Third, across-the-board cuts are said to be ineffective because they do not touch the large entitlement pro- grams, such as Medicare, which are outside the so- called discretionary budget. Entitlement programs have grown rapidly in recent years and, unless reformed, will do so in the future as well. There is no reason in prin- ciple why entitlement programs should be exempt from across-the-board cuts; to the contrary, were it not for the problem of interest group dynamics, there would be every reason to focus predominantly on cutting these programs.
This brings us to the fourth argument: across-the-board cuts are technically difficult to achieve. They are not; there is no reason that legislative instructions cannot be given to congressional committees of jurisdiction to, say, reduce Medicare spending by three percent, or to craft a program in which Medicare grows more slowly in the future. This is the precise process followed in what is known as “reconciliation,” where congressio- nal committees are required to meet budgetary targets. It would be the course of wisdom to make across-the- board cuts in broad budget categories while giving both congressional committees of jurisdiction and the execu- tive branch flexibility as to how to apply the reductions to specific programs within these categories.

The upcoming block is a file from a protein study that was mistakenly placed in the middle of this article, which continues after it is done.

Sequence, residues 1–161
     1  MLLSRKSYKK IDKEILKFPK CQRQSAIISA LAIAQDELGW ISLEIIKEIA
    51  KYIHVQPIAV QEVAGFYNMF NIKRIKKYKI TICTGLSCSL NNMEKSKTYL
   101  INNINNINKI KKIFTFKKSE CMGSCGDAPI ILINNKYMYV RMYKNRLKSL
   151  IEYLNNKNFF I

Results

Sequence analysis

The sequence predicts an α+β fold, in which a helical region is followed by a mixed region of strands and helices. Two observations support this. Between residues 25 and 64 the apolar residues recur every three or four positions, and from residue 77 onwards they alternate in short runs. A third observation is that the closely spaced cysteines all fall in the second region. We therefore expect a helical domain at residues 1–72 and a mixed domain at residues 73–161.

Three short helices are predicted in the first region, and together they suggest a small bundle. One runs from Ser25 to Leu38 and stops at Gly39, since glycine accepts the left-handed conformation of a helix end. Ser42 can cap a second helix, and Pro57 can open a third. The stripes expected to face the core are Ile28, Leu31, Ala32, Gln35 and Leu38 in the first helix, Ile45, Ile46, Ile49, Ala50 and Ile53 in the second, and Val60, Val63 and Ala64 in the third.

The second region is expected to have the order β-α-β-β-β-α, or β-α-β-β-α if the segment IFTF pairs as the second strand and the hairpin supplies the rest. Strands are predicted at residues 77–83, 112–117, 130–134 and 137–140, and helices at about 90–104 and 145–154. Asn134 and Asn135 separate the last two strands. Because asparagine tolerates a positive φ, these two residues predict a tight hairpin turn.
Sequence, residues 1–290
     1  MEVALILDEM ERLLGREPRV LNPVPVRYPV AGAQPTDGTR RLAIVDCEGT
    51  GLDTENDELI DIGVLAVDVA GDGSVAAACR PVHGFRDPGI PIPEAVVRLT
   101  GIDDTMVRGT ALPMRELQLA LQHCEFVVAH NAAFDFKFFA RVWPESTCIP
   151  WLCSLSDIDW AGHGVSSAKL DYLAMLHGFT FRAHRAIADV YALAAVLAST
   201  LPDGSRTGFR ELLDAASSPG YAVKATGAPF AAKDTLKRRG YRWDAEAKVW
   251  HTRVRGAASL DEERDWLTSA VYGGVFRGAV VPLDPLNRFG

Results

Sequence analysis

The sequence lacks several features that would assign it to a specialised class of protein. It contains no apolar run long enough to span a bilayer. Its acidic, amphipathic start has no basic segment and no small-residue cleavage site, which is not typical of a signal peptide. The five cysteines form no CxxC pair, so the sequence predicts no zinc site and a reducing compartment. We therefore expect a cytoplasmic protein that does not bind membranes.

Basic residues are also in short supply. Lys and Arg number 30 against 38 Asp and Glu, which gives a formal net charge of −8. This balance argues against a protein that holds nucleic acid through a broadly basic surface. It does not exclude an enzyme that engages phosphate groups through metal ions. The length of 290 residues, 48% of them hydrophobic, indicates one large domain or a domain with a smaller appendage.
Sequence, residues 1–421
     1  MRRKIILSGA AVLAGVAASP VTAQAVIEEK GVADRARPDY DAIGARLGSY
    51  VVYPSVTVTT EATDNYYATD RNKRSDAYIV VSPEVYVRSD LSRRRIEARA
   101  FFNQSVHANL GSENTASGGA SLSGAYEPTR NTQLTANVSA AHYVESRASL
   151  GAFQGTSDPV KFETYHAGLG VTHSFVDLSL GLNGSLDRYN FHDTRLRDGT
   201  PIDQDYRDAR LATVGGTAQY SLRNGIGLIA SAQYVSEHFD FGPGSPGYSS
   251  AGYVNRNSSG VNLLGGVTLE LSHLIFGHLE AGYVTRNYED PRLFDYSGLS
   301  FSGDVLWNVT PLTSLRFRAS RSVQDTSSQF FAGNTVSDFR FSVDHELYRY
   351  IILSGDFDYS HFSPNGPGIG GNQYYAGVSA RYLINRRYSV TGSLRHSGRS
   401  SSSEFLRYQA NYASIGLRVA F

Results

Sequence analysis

Experience With Across the Board Spending Cuts
One might argue, only slightly tongue in cheek, that there are very few examples of government spending cuts anywhere, any time or in any way. But there are good examples of across-the-board spending cuts. At the state level, there is perhaps no better example than New Jersey in 2010–2011. Newly elected Governor Christie discovered massive and unsustainable deficits in New Jersey’s finances. He acted immediately, using executive authority in FY 2010 to close the deficit. But for FY 2011 he proposed cuts across-the-board to virtually every government agency to the New Jersey legislature. These varied by percentage but were very broad-based and exempted only a handful of programs. Interestingly, these reductions were adopted in a divided state government, with a Republican governor and Democratic control of both houses of the legislature.
At the national level, Canada offers an excellent example of successful across-the-board cuts. In the early 1990s Canada’s federal finances were in disastrous shape, with substantial deficits looming. In 1992 Canada’s combined federal, provincial and local spending constituted 53 percent of the Canadian GDP. Beginning in 1994 Canada’s newly elected Liberal government adopted broad-based defense and non-defense cuts—by differing percentages, and excepting certain programs, to be sure—reducing non-interest spending by 10 percent in just two years. Following these cuts Canada limited the growth of federal spending to two percent in each of the next three years.
Why Targeted Reductions Will Not Work